A stickie note commanded: "Do floors!"
I'd intended to offer libations to the household gods and experiment with vacuum cleaner attachments to assail grimy baseboards. But I ignored the memo to self and spent the day productively reading Charlotte Armstrong's charming Edgar award-winning classic, A Dram of Poison (1956).
Charlotte Armstrong, who is occasionally referred to as the Queen of Suspense (one of many), is my latest literary discovery. Her plots are shatterproof, her characters ordinary yet memorable, and her fast-paced prose seems effortless. Armstrong's books often have a hint of California noir, and two of them have been made into movies, The Unsuspected (1945) and Mischief (1950).
What I didn't know is that she could be so funny. A Dram of Poison is at heart a gentle comedy of suspense. The hero, Mr. Gibson, a middle-aged bachelor who teaches poetry at an obscure college, marries Rosemary, who is 22 years younger, for altruistic reasons. Poor Rosemary is sick, hopeless, helpless, plain, destitute, and about to be evicted, because her late father, a cranky professor emeritus who spent his latter days writing angry letters to the editor, left her nothing. And so Mr. Gibson to the rescue! They move into a charming cottage and, adorably, they fall in love.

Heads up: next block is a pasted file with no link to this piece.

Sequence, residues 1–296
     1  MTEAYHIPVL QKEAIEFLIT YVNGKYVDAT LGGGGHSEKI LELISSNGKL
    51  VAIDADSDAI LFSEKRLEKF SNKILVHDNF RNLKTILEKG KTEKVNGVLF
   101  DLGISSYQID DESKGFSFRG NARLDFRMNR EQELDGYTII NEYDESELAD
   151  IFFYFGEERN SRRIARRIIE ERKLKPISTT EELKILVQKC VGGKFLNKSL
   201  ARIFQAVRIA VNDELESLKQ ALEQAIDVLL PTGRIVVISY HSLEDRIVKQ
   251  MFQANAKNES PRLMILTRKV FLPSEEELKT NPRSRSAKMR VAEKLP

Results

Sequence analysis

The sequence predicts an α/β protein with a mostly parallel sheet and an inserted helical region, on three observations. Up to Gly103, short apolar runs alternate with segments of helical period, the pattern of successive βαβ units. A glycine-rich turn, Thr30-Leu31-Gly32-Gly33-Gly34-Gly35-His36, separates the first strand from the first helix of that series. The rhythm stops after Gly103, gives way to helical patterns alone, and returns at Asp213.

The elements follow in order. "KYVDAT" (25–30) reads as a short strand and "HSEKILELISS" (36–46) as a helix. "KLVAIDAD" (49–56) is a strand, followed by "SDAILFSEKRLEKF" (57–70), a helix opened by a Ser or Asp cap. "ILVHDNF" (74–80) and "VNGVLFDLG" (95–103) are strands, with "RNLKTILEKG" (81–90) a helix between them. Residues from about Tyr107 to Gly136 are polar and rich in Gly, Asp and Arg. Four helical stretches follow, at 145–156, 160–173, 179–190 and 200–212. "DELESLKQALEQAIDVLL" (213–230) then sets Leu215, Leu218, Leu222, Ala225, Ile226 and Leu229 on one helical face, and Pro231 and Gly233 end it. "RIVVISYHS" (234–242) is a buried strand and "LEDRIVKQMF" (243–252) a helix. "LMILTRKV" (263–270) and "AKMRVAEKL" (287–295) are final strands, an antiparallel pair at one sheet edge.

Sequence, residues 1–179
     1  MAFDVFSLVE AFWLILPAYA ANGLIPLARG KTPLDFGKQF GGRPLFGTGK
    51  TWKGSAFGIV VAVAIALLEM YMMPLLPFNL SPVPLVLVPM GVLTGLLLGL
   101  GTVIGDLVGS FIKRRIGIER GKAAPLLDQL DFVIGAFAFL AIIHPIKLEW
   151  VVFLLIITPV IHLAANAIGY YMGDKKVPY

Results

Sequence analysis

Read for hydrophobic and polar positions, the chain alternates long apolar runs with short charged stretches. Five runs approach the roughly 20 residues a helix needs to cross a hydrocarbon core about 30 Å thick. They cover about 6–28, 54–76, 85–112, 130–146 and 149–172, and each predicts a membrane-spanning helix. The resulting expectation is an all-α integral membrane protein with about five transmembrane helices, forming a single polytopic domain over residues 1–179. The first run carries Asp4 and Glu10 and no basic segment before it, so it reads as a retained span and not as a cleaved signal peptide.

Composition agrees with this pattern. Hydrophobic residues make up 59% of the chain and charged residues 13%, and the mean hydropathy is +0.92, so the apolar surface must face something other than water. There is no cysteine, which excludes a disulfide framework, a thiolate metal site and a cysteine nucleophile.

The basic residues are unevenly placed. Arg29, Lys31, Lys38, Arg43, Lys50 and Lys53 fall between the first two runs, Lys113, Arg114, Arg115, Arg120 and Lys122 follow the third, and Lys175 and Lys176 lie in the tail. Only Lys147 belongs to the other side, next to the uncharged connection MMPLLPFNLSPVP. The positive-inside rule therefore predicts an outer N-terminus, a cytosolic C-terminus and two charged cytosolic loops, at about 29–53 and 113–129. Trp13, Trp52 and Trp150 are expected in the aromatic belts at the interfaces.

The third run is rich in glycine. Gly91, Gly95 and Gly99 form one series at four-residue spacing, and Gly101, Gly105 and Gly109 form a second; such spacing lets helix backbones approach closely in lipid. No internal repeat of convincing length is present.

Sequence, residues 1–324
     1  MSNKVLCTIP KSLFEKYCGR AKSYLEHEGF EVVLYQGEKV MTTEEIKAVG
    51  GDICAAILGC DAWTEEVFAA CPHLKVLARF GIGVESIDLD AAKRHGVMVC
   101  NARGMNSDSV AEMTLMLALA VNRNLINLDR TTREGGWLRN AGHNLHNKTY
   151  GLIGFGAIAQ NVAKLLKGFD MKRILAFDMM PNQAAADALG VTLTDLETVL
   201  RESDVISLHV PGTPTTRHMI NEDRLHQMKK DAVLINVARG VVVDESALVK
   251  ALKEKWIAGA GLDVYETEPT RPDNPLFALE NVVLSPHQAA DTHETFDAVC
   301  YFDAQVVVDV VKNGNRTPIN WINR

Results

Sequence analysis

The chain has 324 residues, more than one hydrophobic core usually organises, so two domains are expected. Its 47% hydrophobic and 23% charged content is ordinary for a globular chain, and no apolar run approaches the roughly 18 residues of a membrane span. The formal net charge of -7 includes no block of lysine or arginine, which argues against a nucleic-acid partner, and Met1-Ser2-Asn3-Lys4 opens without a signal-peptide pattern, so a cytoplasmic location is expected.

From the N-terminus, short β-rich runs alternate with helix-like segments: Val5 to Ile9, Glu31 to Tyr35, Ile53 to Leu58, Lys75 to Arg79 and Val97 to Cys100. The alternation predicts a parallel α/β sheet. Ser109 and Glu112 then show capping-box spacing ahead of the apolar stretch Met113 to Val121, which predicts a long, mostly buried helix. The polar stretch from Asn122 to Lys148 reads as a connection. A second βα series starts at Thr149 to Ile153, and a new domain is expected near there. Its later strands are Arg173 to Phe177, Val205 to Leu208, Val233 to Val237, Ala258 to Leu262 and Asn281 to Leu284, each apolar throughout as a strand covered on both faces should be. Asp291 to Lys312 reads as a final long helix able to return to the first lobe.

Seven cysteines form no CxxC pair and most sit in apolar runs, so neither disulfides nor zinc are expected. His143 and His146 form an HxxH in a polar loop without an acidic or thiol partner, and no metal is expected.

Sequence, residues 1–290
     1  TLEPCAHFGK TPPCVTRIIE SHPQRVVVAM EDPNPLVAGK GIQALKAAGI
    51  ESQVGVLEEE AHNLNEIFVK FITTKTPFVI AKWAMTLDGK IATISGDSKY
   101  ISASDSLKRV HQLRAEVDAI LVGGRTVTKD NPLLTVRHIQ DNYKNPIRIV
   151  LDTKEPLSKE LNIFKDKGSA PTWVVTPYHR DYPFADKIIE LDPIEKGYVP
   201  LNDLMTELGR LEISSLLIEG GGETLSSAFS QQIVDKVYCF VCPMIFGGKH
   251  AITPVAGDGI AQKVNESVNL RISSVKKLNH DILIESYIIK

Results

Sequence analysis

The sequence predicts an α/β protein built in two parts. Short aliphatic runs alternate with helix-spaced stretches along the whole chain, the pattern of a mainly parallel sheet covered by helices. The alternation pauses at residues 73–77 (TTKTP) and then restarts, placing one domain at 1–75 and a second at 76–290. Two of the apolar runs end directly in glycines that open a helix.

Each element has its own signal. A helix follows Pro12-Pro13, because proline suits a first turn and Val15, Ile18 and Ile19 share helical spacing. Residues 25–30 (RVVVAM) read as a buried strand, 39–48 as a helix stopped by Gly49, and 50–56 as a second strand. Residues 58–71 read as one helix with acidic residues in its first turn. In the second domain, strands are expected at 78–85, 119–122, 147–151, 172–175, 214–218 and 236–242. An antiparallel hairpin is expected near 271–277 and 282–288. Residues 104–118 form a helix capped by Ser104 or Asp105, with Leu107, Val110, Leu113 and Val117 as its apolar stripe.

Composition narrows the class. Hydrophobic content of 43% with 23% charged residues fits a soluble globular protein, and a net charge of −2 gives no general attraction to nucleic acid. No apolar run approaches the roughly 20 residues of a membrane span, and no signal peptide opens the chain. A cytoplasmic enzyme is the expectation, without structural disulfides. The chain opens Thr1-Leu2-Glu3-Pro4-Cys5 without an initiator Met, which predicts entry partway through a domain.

But, alas, it doesn't end there. Oh, no. This is not a romantic comedy but a comedy of suspense. After dining at a restaurant to celebrate Rosemary's recovery, they have a car accident and Mr. Gibson is in the hospital for weeks with a broken leg. He calls his domineering sister, Ethel, and asks her to fly out and look after Rosemary. I shall not say much more, except that Ethel almost breaks up (or do I mean down?) the couple.
If you lived with Ethel, this is the kind of thing you'd hear day and night.
"The fact is, old dear," she continued affectionately, "all of us can't live in a romantic, poetical and totally gentle world. Some of us have to face things as they are." Her bright eyes were direct and honest and he feared they were wise. "Face reality."
But the dram of poison is the real comedy. I won't tell you the details, except that a Shakespeare-quoting bus driver rounds up passengers to help Mr. Gordon out of a predicament.
Loved this book, and loved Armstrong's writing.